D.A.R.E. moves to middle school

D.A.R.E. moves to middle school

Classes for 6th-graders include bullying, online safety

CUMBERLAND - For 20 years it's been a rite of passage for 5th-graders.

But starting this year, the Police Department's D.A.R.E. program is taking its lessons to the 6th grade, with a stepped up curriculum that Resource Officer Robert Fay says is needed by the new middle-schoolers.

"I don't care if they're urban or suburban, kids are exposed to a great deal," says Fay, a teacher-turned-police officer who's taught the D.A.R.E. curriculum for six years.

Although just one year older, the 6th-graders, he says, are facing greater pressures as they're pulled away from the familiar haven of neighborhood elementary schools.

"It's a huge change," says Fay. "Going to middle school, some of them hook up with kids they don't know and just go down the wrong path."

This program started 20 years ago in Cumberland to emphasize the dangers of drugs and alcohol, now addresses bullying as its number one priority, Fay told The Breeze.

The once-a-week, 55-minute sessions also include discussions about dealing with house parties where drinking is involved, the dangers of texting while driving, assertiveness training, and a technique for decision-making in the face of peer pressure.

There's a general emphasis, says Fay, on what he calls "tech safety" that covers Facebook and Twitter bullying as well as socializing online with strangers.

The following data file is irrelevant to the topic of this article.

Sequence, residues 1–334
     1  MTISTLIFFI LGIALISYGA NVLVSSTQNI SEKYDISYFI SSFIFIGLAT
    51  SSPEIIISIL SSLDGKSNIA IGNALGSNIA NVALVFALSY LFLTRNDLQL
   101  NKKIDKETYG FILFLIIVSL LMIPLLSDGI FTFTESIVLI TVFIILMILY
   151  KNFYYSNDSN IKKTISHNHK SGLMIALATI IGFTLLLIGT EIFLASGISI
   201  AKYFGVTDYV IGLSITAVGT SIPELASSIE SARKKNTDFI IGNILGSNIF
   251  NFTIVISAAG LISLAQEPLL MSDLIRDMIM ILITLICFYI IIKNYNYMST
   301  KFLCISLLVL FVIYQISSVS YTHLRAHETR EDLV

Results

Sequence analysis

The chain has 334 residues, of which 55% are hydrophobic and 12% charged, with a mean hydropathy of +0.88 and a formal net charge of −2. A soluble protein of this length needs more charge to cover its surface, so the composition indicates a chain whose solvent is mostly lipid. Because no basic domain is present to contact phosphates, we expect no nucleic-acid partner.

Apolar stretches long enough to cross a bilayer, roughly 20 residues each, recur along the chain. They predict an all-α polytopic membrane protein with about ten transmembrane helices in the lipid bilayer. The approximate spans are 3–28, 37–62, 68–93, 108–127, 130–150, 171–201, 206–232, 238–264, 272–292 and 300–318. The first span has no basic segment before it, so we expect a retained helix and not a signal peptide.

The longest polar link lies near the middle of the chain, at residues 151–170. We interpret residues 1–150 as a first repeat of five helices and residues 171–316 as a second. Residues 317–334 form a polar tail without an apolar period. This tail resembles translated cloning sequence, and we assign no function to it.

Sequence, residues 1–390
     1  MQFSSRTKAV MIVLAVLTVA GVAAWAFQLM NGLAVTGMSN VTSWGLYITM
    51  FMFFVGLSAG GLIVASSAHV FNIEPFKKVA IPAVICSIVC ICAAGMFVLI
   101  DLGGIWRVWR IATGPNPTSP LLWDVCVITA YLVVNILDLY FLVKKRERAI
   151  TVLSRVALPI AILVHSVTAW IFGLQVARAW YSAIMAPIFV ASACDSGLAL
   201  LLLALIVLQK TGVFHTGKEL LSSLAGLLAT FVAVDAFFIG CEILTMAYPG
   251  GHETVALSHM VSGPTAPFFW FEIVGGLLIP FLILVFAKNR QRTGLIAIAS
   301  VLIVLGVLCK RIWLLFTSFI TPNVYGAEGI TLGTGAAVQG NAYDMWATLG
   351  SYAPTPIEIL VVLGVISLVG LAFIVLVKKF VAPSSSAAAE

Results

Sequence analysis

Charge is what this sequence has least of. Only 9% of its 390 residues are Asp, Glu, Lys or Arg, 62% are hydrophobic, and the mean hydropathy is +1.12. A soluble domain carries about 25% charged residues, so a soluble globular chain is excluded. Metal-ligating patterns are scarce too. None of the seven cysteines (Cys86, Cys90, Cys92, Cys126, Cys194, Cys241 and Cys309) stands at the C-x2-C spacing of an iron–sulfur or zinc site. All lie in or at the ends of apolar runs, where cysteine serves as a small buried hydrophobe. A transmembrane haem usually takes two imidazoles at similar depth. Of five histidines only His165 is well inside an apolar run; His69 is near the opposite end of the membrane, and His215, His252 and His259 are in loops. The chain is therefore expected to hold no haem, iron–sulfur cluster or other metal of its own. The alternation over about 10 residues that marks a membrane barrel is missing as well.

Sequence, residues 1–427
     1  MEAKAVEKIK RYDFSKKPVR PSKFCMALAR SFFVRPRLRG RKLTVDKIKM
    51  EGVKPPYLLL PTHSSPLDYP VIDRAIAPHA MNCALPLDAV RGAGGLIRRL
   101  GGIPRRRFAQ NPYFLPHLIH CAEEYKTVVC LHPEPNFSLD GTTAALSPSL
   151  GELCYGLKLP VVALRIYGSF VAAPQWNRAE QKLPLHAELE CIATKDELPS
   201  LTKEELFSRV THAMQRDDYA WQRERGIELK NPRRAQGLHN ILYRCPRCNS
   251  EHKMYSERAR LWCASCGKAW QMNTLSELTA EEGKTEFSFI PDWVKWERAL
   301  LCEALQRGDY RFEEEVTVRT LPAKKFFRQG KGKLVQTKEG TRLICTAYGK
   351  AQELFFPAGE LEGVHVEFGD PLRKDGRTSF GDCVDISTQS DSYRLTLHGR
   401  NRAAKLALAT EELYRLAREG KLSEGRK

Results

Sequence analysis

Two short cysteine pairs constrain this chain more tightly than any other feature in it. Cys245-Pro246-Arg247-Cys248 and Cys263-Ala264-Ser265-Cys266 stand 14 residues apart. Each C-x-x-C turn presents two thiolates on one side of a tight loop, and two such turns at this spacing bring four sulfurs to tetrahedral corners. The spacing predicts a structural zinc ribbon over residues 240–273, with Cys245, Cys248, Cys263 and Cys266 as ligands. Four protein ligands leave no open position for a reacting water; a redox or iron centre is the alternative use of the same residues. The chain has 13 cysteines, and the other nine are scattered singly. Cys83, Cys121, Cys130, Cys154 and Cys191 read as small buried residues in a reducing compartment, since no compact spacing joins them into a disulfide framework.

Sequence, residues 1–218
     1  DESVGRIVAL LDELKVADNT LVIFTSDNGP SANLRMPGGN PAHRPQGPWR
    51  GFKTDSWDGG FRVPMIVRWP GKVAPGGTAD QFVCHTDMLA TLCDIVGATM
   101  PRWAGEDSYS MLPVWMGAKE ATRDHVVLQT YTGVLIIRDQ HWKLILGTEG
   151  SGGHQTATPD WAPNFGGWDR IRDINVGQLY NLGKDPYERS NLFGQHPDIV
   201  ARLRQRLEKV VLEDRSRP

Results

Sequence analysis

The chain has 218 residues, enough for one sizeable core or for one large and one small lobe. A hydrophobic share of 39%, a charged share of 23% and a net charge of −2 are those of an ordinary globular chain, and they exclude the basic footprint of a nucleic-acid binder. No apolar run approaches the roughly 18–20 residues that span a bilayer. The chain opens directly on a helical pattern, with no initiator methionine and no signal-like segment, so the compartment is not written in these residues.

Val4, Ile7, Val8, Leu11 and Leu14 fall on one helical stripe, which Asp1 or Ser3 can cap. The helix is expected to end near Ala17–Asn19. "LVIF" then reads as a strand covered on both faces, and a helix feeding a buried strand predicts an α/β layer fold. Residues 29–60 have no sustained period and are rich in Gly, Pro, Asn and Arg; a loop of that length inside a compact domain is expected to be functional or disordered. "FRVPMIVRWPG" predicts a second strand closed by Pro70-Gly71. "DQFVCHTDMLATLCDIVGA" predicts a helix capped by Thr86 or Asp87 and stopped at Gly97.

Fay, who's also a youth sports coach, spends much of his day in the two middle schools, says his program reinforces the new bullying policies of the school district. He works closely with McCourt Principal Jay Masterson, author of the district's strict procedures for reporting and managing of bullying situations.

Alcohol and drug abuse and peer pressure are all topics covered by what's usually a 12-week program. This transition year, the 6th-graders will see 10 weeks because they were in the program last year.

The program started this week at McCourt Middle School but will take time off for the NECAP exam sessions. It moves to North Cumberland Middle School in January.

D.A.R.E. is a national program, originally founded as Drug And Alcohol Resistance Education. At its heart, it offers the chance for students to interact with police officers in a friendly manner rather than on the street in connection with a crime.

Police Chief John Desmarais, who brought strong support for community policing and working with youth when he came to Cumberland eight years ago, has a message for parents and teens about house parties.

He's urging students whose parties get suddenly mobbed by uninvited guests to call the Police Department for assistance.

"Don't wait until 11 or 12 o'clock when things are out of control," he says.

And he's warning parents that they will be held accountable. "Expect a phone call," he advises parents of youths caught at a party that includes alcohol. Rather than simply sent home, the youths will be detained until parents turn up to escort them.

Fay and Desmarais say they're available to PTO groups at any of the schools. Reach the police station at 401-333-2500.